|Giovanni Battista Piranesi (1720-1780), Architectural capriccio|
The second section examines the great season of Roman archaeological digs in the eighteenth century which gave rise to the discipline of archaeology. The major works present in this section include the Capitoline Flora and Eros, the former found in Tivoli in 1744 and the latter from the important collection belonging to Ippolito d’Este, the Herm of Pericles from the Vatican Museums, the inspiration for a famous sonnet by Vincenzo Monti, and the valuable series of watercolour etchings illustrating the colourful wall paintings of the Domus at Villa Negroni and the Domus Aurea, now lost. The interiors of the latter can be admired in the video featuring the virtual reconstruction of this lavish residence.
|Flora, 2nd century AD|
Musei Capitolini, Rome
The topics of restoration, falsification and art dealing, of much interest to collectors in the day, are explored in the third section, which features the extraordinary Minerva d’Orsay from the Louvre, the result of restoration additions in white marble onto an extremely rare archaeological find in golden onyx. The latter, together with the 2nd century A.D. sculptures from the Prado (Head of Serapis and Bust of Hercules) and Dresden (Bust of Marcus Aurelius and Lemnian Athena), highlight how the aristocratic Roman collections dispersed, with the consequent diaspora of works abroad. On the occasion of the exhibition these masterpieces are making an exceptional return to Italy after more than two centuries.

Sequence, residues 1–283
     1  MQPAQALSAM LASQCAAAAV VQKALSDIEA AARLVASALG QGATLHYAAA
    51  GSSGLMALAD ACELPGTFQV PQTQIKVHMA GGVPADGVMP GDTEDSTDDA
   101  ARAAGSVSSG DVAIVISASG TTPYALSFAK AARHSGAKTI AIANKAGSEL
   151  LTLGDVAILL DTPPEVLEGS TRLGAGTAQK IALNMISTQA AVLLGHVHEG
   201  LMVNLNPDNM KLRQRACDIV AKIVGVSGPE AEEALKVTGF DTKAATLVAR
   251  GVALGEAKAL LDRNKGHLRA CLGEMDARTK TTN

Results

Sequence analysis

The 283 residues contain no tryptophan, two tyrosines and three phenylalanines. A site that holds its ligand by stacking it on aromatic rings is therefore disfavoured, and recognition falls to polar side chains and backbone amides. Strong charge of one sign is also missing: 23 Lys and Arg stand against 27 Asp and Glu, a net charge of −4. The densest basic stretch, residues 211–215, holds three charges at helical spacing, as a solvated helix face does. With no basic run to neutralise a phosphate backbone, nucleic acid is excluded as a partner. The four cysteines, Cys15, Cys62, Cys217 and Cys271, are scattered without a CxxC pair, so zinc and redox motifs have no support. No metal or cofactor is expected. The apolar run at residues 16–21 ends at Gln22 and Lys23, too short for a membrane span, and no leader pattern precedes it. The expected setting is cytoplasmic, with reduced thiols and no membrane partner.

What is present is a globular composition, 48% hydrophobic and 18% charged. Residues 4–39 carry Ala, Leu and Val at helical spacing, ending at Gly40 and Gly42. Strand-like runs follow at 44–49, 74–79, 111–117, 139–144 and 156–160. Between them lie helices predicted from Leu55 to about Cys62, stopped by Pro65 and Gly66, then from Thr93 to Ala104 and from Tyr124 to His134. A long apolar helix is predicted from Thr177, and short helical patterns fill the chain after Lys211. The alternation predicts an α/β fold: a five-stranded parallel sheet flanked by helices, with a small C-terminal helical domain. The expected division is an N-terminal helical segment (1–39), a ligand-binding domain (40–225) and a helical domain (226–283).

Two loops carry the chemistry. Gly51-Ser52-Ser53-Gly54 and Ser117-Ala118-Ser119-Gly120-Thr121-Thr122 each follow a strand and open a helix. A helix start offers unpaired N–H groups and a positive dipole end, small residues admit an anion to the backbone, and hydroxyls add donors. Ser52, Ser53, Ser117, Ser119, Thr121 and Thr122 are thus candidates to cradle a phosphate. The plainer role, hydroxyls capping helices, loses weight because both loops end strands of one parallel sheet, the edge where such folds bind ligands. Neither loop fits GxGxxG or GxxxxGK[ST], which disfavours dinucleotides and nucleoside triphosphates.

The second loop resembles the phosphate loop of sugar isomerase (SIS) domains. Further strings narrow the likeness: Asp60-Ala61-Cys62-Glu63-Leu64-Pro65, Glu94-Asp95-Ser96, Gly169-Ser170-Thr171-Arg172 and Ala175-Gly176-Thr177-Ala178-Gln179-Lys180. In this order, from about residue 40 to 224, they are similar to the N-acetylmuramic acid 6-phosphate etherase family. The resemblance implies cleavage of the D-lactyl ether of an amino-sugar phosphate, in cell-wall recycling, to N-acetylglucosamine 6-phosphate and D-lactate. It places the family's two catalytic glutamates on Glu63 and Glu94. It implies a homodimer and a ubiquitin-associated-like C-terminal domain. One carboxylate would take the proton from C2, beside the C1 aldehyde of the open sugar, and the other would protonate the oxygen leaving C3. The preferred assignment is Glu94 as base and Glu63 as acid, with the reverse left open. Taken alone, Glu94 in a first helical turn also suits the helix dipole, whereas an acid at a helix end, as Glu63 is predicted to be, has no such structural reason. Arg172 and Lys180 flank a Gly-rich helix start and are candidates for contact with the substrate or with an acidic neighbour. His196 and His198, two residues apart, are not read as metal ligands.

|Apollo with Lyre, 2nd century AD|
Museo Pio-Clementino, Vatican City
The subsequent section documents the work of two of the most famous Roman workshops, those of Bartolomeo Cavaceppi and Giovanni Battista Piranesi, and explores their trading activities for the first time. The exhibition features two extraordinary marble vases by the latter, who was primarily known as an etcher, made by assembling the fragments of ancient artefacts that he assiduously collected. As for Cavaceppi, the section presents a little-known group of terracotta pieces copied from famous classical works, illustrating the wealth of designs available to be reproduced in his workshop.